Whenever you cut mortises with a slot mortiser, you end up with mortises that are round on each end . So you need a tenon that has a similar round for perfect fit .
I used to always cut these on the table saw and then cut them round with the hand saw .But I’ve invented a new machine that cuts these with the rounded ends on both sides .
I call my new machine the pantorouter because it uses a pantograph mechanism to allow this router to follow the motion of this ball bearing.
The pantograph is a 2 to 1 reduction mechanism . It takes the motion of the ball vearing and cuts it down by a factor of two so that my router bit always follows the exact same shape . The path that my ball bearing follows but half the size. So , to make a tenon.
What I need is a template that’s exactly twice the size of my tenon and then follow that all way around with the ball bearing and my router bit will cut the perfect shaped tenon off the stock that’s placed .
I can also use this machine to cut mortises . All I need is a straight track for the bearing to roll back and forth on and my router bit will also follow a straight path .
With different templates I can cut different types of joints .
With the corresponding multiple mortise template , I can do a triple mortise to go along with that triple tenon .
The cool thing with this machine is I only need to get my fit with the templetes , right just once . And then I can make as many joints as I want to and they all fit perfectly .
The possibilities with a machine like this are nearly endless . With this templete here for example I can cut integral dowels at the end of a piece of stock .
How the Pantorouter works ?
The Template gets mounted and then the router follows the exact same shape of the template so this allows the machine to reproduce any shape of template on the stock at one half scale .
I’ve constructed this simple mechanism to show how a pantograph actually works .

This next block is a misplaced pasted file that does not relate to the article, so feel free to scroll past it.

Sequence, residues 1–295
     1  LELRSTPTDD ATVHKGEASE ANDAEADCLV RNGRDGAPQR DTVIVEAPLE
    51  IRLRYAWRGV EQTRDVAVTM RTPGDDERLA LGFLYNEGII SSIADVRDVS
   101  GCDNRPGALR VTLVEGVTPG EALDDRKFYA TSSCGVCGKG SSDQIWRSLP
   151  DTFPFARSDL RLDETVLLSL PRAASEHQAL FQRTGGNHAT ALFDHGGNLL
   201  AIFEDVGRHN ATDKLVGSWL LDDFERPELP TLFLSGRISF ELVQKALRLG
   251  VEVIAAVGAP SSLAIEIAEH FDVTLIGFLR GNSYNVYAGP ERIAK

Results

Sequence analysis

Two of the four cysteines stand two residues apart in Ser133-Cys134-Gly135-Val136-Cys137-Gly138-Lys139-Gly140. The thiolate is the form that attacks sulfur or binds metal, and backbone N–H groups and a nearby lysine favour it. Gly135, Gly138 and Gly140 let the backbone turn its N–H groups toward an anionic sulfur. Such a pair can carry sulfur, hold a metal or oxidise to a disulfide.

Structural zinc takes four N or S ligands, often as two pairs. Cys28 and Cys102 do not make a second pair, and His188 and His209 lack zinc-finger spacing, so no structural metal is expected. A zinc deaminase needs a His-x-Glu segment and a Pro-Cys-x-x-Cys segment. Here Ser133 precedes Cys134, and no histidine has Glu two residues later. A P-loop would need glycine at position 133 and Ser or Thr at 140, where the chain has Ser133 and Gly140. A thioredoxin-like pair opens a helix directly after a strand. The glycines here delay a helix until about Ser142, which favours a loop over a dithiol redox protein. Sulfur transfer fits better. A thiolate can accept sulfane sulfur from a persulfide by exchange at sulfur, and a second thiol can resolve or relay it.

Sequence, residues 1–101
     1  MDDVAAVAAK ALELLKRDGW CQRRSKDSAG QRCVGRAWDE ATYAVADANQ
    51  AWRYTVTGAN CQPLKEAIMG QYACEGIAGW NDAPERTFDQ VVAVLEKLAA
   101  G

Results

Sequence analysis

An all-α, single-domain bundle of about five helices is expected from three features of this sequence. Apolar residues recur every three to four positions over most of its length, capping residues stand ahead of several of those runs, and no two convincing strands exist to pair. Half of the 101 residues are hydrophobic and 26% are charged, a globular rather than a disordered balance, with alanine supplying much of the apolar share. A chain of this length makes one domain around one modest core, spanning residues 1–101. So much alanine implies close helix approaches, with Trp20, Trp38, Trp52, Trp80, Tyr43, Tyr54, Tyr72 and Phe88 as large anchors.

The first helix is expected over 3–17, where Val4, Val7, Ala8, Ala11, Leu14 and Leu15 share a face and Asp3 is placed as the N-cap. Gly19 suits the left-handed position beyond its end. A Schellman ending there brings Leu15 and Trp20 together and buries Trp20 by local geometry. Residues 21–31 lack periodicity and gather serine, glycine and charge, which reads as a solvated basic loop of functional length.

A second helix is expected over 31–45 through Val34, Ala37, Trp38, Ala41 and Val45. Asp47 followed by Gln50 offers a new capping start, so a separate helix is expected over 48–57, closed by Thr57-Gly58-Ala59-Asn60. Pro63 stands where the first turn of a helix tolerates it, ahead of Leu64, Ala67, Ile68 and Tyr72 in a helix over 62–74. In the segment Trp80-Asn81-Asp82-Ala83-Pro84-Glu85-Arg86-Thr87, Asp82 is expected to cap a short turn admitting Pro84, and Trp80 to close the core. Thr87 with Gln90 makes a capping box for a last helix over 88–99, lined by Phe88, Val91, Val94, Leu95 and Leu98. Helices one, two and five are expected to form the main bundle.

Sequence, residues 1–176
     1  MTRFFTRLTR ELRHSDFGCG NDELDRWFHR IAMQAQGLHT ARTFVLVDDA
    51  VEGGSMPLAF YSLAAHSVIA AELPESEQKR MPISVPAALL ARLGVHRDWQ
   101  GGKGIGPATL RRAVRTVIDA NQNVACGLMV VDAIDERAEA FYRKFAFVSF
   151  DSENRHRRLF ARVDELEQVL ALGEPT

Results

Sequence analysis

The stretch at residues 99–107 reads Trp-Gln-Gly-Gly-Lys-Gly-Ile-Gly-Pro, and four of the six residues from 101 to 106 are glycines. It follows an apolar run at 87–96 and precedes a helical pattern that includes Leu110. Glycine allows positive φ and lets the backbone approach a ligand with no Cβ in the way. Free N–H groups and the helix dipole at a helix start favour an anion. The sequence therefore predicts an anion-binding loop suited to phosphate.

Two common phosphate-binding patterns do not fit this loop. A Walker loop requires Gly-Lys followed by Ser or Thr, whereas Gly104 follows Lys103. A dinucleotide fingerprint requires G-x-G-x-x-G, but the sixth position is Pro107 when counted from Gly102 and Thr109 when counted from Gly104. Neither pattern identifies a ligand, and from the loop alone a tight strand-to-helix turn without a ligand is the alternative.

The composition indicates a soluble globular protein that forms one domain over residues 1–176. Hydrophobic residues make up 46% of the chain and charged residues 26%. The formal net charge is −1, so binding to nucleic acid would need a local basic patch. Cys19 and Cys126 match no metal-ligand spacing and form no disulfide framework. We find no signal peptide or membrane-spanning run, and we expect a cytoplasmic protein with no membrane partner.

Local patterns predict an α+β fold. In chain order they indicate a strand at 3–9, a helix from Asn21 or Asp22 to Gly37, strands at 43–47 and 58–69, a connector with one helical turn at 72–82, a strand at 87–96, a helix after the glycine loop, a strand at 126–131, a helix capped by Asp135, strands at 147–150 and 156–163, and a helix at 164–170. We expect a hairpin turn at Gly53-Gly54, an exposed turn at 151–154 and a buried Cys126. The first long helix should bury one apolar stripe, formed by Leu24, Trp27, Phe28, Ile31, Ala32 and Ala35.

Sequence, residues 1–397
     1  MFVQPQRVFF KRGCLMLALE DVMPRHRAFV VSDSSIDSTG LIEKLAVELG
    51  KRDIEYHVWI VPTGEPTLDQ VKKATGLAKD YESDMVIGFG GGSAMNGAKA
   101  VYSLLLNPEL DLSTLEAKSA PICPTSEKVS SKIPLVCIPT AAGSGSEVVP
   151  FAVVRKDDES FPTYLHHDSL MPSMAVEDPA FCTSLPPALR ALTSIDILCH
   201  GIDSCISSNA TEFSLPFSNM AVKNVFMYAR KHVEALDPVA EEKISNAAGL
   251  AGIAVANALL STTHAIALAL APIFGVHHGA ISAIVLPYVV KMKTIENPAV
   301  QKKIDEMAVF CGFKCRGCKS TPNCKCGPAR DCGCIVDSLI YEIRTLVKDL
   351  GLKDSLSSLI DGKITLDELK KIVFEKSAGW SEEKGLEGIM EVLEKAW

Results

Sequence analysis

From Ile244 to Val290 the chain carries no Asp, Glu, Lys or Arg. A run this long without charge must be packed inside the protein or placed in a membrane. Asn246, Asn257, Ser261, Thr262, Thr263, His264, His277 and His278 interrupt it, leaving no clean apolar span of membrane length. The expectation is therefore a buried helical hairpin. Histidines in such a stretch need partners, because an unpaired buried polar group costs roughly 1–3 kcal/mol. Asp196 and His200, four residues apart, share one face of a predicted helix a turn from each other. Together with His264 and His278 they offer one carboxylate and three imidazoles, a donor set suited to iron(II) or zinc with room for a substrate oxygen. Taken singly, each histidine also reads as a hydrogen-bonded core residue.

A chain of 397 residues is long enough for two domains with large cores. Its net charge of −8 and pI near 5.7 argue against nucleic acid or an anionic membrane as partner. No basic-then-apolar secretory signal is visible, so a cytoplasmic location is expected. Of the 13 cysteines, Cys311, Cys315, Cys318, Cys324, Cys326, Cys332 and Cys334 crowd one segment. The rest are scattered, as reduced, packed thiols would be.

If you look on image above , you’ll notice these two parallelograms are the same size and they always share the same angle . Which means that this distance is always equal to that distance .
That means, if I hold one point fixed and trace out a shape with that point , the intersection will trace out the exact same shape but at half the scale .
But, this mechanism actually has some redundant links in it . So, removing those you can still see it behaves the same way.
Ok, now looking at the back of the machine you can see essentially the same pantograph mechanism that I showed on my workbench .
I’d use the same kind of steel pins for hinges on my quickset tenon jig and that’s worked out very well . I get really good reproducibility on this machine .
When I was experimenting with the prototype for the mechanism , I found that was a little bit tired to always have to pull up by the handle to compensate for the weight of the router . So, what I added is these springs here and this cam shape .
And that, essentially compensates for the weight of the router across this ranger of motion .
I added a similar spring on the other side so this spring compensates for the long link . And the other spring for the short links .
Now, if you want to use this machine to carve an internal cavity such as a mortise ,
I need to be able to plunge into the cavity and I’ve added, essentially a plunge sled on here . This lever operates the sled and this part here essentially moves the whole back half of the machine on side .